Menu

Posts Tagged ‘Peggy Rosenthal’

Poetry Friday: “On Value”

By Kelly CherryJuly 21, 2017

I’m amazed by the flexibility of the sonnet form. When you first read Kelly Cherry’s delightful poem “On Value,” you wouldn’t notice that it’s a sonnet (except that I’ve just told you!). The enjambment of nearly every line swooshes you past the end-rhymes without your noticing them. You read Cherry’s meditation on the philosophical concept…

Read More

Poetry Friday: “The Human Share”

By Bruce BondJuly 14, 2017

Here’s a brilliantly crafted poem which I love, even though it makes me a bit sea-sick. Bruce Bond’s poem “The Human Share” begins on familiar ground, with a well-known phrase from John’s gospel. But then in line 2, Christ’s salvific work is prefaced by “as if”—and the ground we’re on becomes shaky. “As if” implies…

Read More

Nonviolence and the Virtue of Hope

By Peggy RosenthalJuly 3, 2017

It was nonviolence that initially brought me to my spiritual director, Fr. Bill Shannon. I was a new Christian, baptized into the Catholic Church at Easter in 1983. The very next month, the U.S. Catholic Bishops Conference issued a pastoral letter called The Challenge of Peace. The context of the letter was the Cold War’s…

Read More

Poetry Friday: “The Fawn”

By David MasonJune 30, 2017

Narrative poetry has its special challenge: how does it differentiate itself from prose? David Mason’s story of his family’s relation to a dying fawn does this in several ways. First there’s the iambic pentameter beat carrying us along. Then wordplay, beginning with the opening line: “The vigil and the vigilance of love.” There’s the internal…

Read More

Poetry Friday: “Japanese Wall Hanging”

By Moira LinehanJune 23, 2017

I find myself reading this poem both literally and as a metaphor for our lives. On the literal level, Moira Linehan focuses with intensely loving detail on the Japanese brush painter. The first four lines list with tender concern all the things that might go wrong in the painting process. The next five lines move…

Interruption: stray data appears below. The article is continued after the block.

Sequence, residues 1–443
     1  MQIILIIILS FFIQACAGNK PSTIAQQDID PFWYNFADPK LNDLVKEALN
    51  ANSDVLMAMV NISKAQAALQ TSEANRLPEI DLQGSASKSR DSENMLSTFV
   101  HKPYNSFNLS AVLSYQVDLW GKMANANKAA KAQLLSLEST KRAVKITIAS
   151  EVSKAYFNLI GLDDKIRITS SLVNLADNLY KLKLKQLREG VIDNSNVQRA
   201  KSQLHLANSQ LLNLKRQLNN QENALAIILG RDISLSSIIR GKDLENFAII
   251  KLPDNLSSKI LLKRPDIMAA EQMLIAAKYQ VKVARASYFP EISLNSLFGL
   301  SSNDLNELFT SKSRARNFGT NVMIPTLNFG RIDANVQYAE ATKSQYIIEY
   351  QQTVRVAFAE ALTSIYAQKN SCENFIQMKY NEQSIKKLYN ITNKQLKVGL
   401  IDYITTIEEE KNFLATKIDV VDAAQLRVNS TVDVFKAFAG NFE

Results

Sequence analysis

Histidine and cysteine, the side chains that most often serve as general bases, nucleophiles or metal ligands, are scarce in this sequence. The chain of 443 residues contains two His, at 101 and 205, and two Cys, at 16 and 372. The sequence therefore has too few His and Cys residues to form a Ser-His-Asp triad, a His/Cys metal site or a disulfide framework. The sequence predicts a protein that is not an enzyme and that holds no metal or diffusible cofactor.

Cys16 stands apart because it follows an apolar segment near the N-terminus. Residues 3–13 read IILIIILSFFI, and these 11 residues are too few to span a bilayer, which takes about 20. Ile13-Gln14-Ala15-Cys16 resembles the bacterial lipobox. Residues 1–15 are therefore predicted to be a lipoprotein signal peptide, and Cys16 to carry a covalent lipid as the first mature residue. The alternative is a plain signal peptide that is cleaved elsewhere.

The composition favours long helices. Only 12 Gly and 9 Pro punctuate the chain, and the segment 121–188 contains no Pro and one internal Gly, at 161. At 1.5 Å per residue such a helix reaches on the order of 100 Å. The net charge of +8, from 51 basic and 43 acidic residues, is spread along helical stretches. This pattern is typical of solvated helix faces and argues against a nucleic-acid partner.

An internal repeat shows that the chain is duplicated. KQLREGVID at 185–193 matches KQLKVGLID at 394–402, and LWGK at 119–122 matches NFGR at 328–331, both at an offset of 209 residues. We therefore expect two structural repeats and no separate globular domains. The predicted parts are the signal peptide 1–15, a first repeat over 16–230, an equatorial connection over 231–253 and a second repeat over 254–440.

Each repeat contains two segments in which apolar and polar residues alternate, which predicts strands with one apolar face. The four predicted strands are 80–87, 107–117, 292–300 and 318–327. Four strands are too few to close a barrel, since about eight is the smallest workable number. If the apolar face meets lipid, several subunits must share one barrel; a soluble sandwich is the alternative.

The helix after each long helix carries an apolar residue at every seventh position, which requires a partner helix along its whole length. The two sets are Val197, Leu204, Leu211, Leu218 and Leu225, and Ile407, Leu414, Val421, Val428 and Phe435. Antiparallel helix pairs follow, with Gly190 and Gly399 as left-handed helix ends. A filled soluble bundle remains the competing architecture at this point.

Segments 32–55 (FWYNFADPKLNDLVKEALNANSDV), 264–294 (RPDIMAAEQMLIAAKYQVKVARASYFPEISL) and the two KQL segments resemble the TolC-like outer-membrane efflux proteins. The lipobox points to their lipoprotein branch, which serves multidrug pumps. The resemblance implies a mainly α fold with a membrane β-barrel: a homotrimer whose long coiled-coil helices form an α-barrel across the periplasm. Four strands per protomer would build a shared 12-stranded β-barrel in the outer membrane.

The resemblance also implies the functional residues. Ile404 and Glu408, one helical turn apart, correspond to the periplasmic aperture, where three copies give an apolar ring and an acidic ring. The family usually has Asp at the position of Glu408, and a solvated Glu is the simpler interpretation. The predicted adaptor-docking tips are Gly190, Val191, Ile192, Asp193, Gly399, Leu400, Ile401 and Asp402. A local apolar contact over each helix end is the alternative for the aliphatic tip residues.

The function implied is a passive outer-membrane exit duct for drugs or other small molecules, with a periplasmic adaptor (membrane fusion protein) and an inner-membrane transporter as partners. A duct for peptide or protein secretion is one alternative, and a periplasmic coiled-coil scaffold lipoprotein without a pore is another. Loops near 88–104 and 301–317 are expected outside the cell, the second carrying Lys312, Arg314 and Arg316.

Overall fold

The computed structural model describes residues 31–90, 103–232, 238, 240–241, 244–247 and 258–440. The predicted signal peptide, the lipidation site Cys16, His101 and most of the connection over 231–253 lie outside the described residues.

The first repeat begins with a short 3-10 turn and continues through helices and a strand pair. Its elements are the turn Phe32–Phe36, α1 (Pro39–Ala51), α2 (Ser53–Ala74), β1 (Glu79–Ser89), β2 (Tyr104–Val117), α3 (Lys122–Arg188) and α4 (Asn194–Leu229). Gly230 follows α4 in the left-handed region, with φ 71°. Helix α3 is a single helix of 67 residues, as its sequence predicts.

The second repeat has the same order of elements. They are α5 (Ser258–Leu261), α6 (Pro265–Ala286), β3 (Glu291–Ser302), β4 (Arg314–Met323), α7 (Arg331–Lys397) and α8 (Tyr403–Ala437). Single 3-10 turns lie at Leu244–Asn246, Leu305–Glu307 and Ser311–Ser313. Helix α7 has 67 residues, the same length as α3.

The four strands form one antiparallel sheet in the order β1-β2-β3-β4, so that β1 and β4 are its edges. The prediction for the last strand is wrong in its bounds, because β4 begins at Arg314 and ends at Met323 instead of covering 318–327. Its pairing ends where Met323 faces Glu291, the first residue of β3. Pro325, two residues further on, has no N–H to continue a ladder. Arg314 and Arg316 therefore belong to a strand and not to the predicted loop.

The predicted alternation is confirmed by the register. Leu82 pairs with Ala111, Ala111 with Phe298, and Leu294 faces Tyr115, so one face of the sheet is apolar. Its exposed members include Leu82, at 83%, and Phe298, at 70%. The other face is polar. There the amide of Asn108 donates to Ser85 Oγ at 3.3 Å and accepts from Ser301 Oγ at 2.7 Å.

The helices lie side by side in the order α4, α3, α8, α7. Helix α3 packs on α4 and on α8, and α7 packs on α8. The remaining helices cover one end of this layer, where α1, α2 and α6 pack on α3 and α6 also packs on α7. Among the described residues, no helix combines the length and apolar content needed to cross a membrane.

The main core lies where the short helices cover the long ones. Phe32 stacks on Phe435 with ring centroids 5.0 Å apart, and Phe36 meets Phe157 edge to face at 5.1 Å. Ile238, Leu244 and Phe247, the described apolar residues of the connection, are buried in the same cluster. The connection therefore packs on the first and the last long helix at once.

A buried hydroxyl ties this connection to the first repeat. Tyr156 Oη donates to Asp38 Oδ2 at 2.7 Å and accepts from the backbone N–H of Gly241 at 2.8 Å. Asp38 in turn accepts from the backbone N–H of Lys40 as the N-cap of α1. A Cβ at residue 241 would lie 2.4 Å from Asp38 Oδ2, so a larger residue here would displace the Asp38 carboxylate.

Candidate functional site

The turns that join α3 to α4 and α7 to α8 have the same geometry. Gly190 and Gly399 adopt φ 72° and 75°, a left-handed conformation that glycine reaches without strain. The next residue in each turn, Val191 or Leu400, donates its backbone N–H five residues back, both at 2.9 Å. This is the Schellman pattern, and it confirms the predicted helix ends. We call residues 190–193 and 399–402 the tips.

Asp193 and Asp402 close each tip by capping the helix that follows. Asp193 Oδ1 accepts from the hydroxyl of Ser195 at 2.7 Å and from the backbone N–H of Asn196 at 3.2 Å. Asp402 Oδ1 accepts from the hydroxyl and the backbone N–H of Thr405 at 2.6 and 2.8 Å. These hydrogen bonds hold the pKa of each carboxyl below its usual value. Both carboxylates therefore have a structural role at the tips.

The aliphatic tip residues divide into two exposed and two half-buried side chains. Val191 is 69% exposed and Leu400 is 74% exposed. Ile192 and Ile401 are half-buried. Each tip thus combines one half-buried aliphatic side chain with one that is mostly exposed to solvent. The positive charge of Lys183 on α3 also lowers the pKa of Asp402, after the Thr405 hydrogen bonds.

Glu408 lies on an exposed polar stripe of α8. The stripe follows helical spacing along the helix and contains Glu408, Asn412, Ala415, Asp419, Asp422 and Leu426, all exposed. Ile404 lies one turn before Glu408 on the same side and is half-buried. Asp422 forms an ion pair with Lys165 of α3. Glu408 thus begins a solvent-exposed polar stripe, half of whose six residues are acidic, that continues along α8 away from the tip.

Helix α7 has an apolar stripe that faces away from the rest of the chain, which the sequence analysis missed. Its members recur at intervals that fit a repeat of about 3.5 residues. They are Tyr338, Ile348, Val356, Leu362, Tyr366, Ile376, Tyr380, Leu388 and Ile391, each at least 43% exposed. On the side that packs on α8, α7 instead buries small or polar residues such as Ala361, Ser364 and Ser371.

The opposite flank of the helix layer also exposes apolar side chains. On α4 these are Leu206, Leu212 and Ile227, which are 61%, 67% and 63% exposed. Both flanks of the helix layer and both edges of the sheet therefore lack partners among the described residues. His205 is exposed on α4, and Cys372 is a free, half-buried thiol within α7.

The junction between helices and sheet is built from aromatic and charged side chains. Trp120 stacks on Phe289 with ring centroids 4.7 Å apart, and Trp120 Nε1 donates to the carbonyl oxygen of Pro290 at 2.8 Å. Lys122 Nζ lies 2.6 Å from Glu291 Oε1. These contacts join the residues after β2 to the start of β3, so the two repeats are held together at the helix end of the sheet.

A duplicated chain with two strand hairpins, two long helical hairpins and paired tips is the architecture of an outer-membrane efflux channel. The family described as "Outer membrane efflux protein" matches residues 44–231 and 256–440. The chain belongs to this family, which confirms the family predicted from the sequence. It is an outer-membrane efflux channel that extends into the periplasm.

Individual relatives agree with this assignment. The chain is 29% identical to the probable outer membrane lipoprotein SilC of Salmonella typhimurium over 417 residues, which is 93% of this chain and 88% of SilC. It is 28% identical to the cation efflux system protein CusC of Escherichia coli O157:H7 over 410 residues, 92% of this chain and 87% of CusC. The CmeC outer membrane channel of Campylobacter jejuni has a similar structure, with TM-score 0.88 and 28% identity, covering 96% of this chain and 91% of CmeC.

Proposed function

Read More

Reading Love Nailed to the Doorpost

By Peggy RosenthalJune 19, 2017

If you want to be submerged in the depths of Jewish spirituality, this is the book to read: Love Nailed to the Doorpost, by Richard Chess. No, not “read”: at least not “read” in the way you would read an email or a newspaper or a novel. The poems and prose-poems collected in this book…

Read More

Poetry Friday: “Prayer”

By Sharon CumberlandJune 16, 2017

I used to collect poems that are prayers, so Sharon Cumberland’s “Prayer” immediately leapt out at me from the pages if Image. Leapt out—but then instantly grabbed me uncomfortably in the opening line: “Ignore, O Mystery, this thing You made.” The speaker’s plea to God is not for connection but for separation. Why? Because, as…

Read More

Poetry Friday: “June Prayer”

By Robert CordingJune 2, 2017

How to pray for someone bent over by grief when nature is stretching upward in the June sunshine? This is the question posed by Robert Cording’s “June Prayer.” We learn in the course of the poem that the young son of a woman “I love” has died months ago, and that she asks the poet…

Read More

Alleluia for the Easter Season

By Peggy RosenthalMay 24, 2017

I used to find Easter a letdown. Lent is so full of the self-improvement activities of prayer, fasting, and almsgiving. I typically add a midday prayer to my usual Morning and Evening Prayer. I decide what organizations I want to give alms to: a different one each week of Lent. And fasting: not from food…

Read More

Poetry Friday: “The Spirit of Promise”

By Daniel DonaghyMay 19, 2017

Memories can make good material for poetry. In “The Spirit of Promise,” Daniel Donaghy is remembering his Catholic childhood in the particular church that he’s now re-visiting. At first the poet’s memories are negative: “my grade-school nuns shaking // their heads at me”; the priest “putting down his Chesterfield / to tell me how many…

Read More

Access one piece of artwork every month for free! To experience the full archive, log in or subscribe.

Pin It on Pinterest